Dissecting the 2011 budget

Hon. Maria Kiwanuka readt to present the 2011 budget at parliament
Hon. Maria Kiwanuka readt to present the 2011 budget at parliament

Hon. Maria Kiwanuka, our Minister of Finance, read the national budget for the year 2011/2012 on 14/6/2011 when she had been in office for only 3 days. Considering that the budget preparation process commenced in February or thereabout, it is reasonable to assume that Hon. Maria Kiwanuka, as a person, did not contribute much to this budget. However, we must thank her for the brilliance with which she presented it.

On the face of it the budget looked reasonable. Some taxes on commodities in the daily use of a Ugandan were reduced. Thus taxes on sugar, kerosene, hoes and fertilizers were lowered. The minister hoped that the prices of these commodities would be reduced as well. However, the contrary has happened. Now a kilo of sugar costs Shs. 3,200 as compared to Shs. 2,800 at the time of reading the budget, because tax on the major determinant of consumer prices was not lowered.

The minister did not reduce taxes on petroleum products because, it is argued publicly, the prices of these products on the world market are high. What has not been argued as forcefully is the fact that the Government derives a very high percentage of its income from taxes on these products. As a result of keeping taxes on oil products high, the cost of transporting everything since the reading of the budget has been increasing rather than reducing. This rise includes the cost of the dollar which is rising on a daily basis. Since our economy is import-oriented and we import through the dollar, the high cost of petroleum products and the high cost of the dollar accounts for the current high cost of living.

Therefore, a meaningful budget must aim at increasing foreign exchange coming into the country or reducing foreign exchange going out of the country. Since we are so much of foreign exchange consumers, the budget must stimulate production of items which will generate foreign exchange. But at the same time we should reduce or regulate our foreign exchange expenditure. It is sad to hear from the custodian of our foreign exchange that reserves have been depleted to a dangerously low level. Sadly, some of the expenses causing the depletion were not geared towards any meaningful production.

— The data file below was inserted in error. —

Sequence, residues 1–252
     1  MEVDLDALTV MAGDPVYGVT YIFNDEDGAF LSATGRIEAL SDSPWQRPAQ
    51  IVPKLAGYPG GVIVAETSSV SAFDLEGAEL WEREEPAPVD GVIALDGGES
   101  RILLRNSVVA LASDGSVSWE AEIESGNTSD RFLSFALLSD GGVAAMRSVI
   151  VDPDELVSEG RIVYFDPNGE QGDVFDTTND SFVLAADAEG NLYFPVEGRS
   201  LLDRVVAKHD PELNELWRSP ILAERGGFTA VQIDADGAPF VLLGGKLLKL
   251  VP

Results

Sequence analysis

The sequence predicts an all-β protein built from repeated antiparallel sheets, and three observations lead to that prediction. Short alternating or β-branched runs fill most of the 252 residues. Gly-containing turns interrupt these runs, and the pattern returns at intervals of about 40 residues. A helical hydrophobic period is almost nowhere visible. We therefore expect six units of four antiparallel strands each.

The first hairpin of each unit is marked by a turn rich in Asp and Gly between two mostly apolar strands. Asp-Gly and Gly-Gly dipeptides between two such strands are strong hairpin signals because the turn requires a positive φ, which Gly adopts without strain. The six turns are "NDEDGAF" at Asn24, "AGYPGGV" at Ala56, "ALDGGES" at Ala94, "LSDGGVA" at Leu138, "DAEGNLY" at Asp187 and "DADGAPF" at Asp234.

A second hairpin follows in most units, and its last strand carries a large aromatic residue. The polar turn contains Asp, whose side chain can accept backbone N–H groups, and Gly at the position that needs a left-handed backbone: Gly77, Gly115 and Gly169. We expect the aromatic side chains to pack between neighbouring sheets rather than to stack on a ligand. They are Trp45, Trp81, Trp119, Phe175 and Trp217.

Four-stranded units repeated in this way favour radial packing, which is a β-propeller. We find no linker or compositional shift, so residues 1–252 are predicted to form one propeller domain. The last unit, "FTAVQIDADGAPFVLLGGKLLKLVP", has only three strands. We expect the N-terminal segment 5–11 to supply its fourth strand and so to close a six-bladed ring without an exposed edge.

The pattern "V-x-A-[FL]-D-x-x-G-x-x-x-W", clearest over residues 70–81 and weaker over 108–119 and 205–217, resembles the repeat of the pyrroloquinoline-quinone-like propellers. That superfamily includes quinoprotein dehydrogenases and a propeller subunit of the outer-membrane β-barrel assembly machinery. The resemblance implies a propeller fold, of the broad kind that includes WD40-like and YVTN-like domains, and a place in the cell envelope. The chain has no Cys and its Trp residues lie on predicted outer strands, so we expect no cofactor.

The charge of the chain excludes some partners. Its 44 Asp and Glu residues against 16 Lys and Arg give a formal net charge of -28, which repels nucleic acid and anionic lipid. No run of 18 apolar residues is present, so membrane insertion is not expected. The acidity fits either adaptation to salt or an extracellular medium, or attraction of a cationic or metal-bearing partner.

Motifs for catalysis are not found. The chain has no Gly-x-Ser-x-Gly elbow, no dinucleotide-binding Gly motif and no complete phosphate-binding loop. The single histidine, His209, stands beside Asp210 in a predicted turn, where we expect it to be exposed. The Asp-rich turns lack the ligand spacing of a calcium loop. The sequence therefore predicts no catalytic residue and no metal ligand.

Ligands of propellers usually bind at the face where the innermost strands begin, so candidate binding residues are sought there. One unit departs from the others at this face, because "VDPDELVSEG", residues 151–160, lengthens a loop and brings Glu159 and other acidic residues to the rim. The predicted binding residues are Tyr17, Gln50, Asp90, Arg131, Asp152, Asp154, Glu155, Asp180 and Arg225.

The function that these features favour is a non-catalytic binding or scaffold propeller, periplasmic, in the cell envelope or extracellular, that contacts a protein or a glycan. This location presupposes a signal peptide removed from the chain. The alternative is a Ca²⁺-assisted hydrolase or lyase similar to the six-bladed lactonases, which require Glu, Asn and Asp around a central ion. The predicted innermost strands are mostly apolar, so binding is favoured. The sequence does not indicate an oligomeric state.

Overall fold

The message behind the budget is loud and clear but not explicit. As a country we have yet to succeed in stimulating production that earns foreign exchange. Lack of success in this area causes deficiency in export earnings which is responsible for the current unprecedented fall in the value of the Uganda shilling. This will inevitably lead to a rise in prices of imports to which the country’s consumer depends. Life will become more difficult.

At the moment there is a severe shortage of jobs. Many qualified young people spend several years looking for jobs which are not available.

Eventually, these men & women migrate to foreign countries where they accept to be employed in menial jobs which are not quite relevant to their qualifications. Of course, many leaders nowadays advise these young men and women to create their own jobs by engaging themselves in production of marketable products. However, such advice is not very useful because even if these men and women mange to start producing some marketable goods, they will need a market to sell them to. A country where a large number of people lack jobs cannot be a market which can absorb such goods even if they are produced.

Therefore, the salvation of our economy lies in production of goods which we can sell abroad and earn foreign exchange. That is why the production of coffee and cotton must be emphatically stressed. It is only the production of export crops which will help our agriculture and thereby create a market for local production. Then we can talk of enhancing local production of the goods which the local market can absorb. Our budget should emphasize this more than anything.

By John Ssebaana Kizito, former Mayor of Kampala.